What Rep Ranges Should I be Training In?
This was a question that plagued me when I finally realised they made a huge difference. In this post, I hope to shed some light on the subject to help you decide which range will best suit your needs.
The answer to the question depends on your goal. Each Rep range has a different impact on certain areas of training as you will find out in this article, So let’s begin…
1-5 Reps- Strength
The lower end of this rep range (1-3) you will see power lifters using. It is used for pure strength gains. You will often hear these reps called , singles, doubles, and triples. If your aim is to solely get stronger the lower end of this rep range is for you. Although this rep range can build muscle, there are better rep ranges for size.
5-8 Reps- Strength/Mass
This rep range, in my opinion, is best for newbies. It will allow you to gain a blend of mass and strength. This is important for a beginner because for a newbie to be able to get bigger they will first need to be strong enough to be able to lift a decent amount of weight. So strength is very important. If a newbie lifts in the range of say 5 reps, they will be able to lift a heavier load than if they lifted in a very common 10 rep range. This will cause them to get stronger as they progress upwards in weight. Lifting in this rep range will also allow you to build mass as it has a higher rep range than the previous rep scheme for pure strength.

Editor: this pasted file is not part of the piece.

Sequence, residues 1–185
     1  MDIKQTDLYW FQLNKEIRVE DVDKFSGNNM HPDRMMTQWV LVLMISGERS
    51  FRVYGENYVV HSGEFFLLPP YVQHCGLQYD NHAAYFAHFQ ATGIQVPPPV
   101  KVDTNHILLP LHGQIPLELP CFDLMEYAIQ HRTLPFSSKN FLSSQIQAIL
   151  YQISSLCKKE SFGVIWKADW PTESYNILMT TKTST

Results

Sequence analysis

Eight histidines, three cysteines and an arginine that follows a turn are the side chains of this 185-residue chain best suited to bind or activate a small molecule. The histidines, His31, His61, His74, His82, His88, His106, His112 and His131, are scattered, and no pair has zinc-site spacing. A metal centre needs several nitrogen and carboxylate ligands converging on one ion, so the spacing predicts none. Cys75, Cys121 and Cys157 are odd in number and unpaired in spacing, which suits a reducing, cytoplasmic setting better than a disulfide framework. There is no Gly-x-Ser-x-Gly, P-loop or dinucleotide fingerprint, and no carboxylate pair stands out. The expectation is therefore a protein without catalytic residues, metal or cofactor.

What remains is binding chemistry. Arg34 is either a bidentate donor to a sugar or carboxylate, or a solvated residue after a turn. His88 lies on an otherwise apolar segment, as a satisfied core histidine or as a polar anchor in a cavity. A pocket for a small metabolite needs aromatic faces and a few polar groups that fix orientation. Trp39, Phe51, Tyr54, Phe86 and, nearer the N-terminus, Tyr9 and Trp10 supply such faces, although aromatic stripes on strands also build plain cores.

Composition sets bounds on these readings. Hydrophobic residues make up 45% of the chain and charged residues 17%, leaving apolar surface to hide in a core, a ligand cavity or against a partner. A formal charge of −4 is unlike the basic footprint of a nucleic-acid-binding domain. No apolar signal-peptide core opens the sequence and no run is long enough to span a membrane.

When we start getting past the 8 rep range (with a decent amount of weight) we are heading towards building more mass than strength. This is a good rep range for intermediate lifters as they have already developed a good base of strength; therefore they can lift heavier weights for more reps and this will develop mass. If a newbie starts off in a rep range of say 10, they will be forced to lift lighter weights than if they only had to lift a weight for 5 reps. This will hinder the ability for a newbie to bulk up.
I made the mistake of lifting between 10-12 reps for years and I never developed any strength or size (because I wasn’t lifting sufficient weight). I always wondered why this was; in the end, I thought I just wasn’t strong enough. Once I started lifting in the 5 rep range my strength went through the roof and I also developed ‘thicker muscle’.
Now when I decide to add mass, I lift in the 8 rep range and I am able to lift a lot heavier weight for 8 reps than when I was lifting in the 10-12 rep range. I am now able to develop mass a lot more efficiently.
Personally, I think once a decent amount of strength is achieved, then this rep range would be great to move onto to build mass. However if the lifter has not developed a solid base of strength then the lower rep ranges will suit them a lot better.
So there are the different rep ranges for newbies. Don’t be like me and forget to pay attention to your rep ranges and the amount you lift. It can make a huge difference as I learned the long way (really long way, I’m talking years).
I mix up the rep ranges and use no more than 5 for compound exercises like the squat, bench press, deadlift etc. And I would use a rep range of 8 for all of the other exercises. Experiment with different types until you find something that suits you.
Feel free to contact me for any further advice or you can leave a comment in the section below.